As a bird checks in flight
To glide down streams
And flames of slanting air…
But my heart soars and wheels

Other themes which African poetry discusses include ethics, indictment, mortality and prayer. African poets are of the opinion that literature mirrors life and it portends the historical evolution of the African people. While some dwell on self assertion, others struggle for identity. Yet some examine the powerlessness of man in the face of uncontrollable phenomenon.

J.P Clark’s poetry for example, strives for the place of man in the face of natural and uncontrollable phenomenon. In his poem “Casualties”, J.P Clark informs us about the reality that /The casualties are not only those who are dead / (line 1) but every one in the society. He structures the language in such a way that it addresses socio-political issues. Clark tries to capture the state of the down trodden in the society. A lot of problems hover round man as he moves in time and space.

Even in his poem “Night rain”, Clark hints on the extent of poverty prevalent in the African society; a direct reference to the sociological experience of Africans in the hinterland and villages. Lines 10-24 clearly brings this to fore as they battle to survive the surging rain on their thatch roof house made from rafters.
Droning with insistent ardour upon
Our roof thatch and shed
And thro’ sheaves slit open
To lightning and rafters
I cannot quite make out overhead
Great drops are dribbling
Falling like mango…
In wooden bowls and earthen ware
Mother is busy now deploying…

He further outlines the theme of religious belief of Africans in his poem “Olokun”. Here the poet expresses his affection to the River Goddess Olokun, the divinity of the sea and an emblem of the material prosperity worshipped by the Edo people and indeed the Niger Delta region in Nigeria. This Goddess is personified in several human characteristics such as endurance, sternness, and appreciation for history, future visions and royalty. Thus the Goddess is symbolic of African spiritual essence.

In lines 17-20 Clark implies that the Goddess is responsible for the prosperity of the land and like a mother she protects the people.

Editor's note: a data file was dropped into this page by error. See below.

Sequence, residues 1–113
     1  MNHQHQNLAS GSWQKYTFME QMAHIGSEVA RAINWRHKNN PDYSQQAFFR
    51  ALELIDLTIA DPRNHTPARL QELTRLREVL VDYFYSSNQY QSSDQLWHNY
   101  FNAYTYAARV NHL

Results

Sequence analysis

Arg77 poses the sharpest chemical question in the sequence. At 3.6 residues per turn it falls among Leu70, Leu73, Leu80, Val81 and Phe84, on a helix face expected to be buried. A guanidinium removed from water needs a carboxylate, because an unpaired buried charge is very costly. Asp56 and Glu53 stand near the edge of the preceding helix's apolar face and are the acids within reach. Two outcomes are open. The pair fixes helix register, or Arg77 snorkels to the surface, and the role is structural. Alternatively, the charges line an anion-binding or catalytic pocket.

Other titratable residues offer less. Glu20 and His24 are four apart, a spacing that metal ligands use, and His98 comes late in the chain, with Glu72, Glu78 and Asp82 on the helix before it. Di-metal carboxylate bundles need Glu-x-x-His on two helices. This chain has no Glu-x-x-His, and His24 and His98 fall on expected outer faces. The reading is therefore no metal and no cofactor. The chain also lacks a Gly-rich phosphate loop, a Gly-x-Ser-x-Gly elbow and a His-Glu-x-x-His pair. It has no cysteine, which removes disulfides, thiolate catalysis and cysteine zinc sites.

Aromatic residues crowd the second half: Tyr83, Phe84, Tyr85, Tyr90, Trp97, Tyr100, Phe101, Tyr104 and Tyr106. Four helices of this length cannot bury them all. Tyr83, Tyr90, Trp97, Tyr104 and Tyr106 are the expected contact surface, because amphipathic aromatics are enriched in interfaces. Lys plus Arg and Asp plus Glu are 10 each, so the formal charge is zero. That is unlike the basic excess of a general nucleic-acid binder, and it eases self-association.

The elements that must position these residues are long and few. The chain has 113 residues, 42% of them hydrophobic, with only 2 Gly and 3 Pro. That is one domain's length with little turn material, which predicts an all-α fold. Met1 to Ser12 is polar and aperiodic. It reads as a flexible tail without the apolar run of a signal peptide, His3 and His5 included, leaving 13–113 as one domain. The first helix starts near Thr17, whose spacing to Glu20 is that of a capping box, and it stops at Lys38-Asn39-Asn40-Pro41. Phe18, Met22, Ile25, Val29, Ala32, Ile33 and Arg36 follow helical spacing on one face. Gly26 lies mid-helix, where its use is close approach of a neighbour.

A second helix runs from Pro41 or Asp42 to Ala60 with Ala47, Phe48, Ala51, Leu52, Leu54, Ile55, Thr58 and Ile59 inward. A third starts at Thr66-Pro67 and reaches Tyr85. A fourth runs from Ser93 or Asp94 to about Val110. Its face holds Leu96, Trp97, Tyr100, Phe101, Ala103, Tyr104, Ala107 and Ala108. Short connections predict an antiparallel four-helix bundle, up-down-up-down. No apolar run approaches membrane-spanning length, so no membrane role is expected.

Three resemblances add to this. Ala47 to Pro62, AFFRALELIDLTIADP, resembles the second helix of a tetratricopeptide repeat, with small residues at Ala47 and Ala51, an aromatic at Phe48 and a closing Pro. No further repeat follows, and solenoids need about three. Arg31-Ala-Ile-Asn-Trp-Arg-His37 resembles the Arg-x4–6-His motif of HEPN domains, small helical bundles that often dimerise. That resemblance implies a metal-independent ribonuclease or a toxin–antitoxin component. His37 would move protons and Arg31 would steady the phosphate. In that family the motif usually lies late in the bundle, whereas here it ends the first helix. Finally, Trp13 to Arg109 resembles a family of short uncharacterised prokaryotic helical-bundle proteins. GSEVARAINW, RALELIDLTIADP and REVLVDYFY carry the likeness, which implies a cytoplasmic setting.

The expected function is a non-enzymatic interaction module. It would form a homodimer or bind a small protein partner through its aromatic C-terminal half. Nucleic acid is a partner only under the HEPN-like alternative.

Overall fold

We crumble in heaps at your feet
And as the good maid of the sea
Full of rich bounties for men
You lift us all beggars to your breast

J.P Clark demonstrates more ancestral phenomenon with this poem to show that Africans belief in ancestors, though dead are not asleep. They watch over their children and they protect them from the enemies.

With a rich use of imagery, metaphors and irony, African poetry is an embodiment of creativity. It is with these elements that its structural form is achieved. It is expedient to state here that these poets use distinct imagery which set them out from their contemporaries in Europe. It is also paramount to state that new metaphors were created to illuminate the various themes based on the poet’s divergence of cultures.

Finally, African literature is universal for its artistry and descriptive power, and singular for the attention that it draws to its own locality for its imagery and ideology. It is an enriching combination of rich oral literature, native experiences and the cultural heritage naturally inherited by the poets with the acquired Western tradition gotten through Western education.

Soyinka, Wole ed. Poems of Black Africa. London: Heinemann. New Edition 1999

Ogunyemi, Christopher. Various Voices in African Poetry: Analysis of Poems of Black Africa.Falun 2007

Bright Hub.

33 thoughts on “An Examination of the thematic and structural form of African Literature” by sambright (@sambrightomo)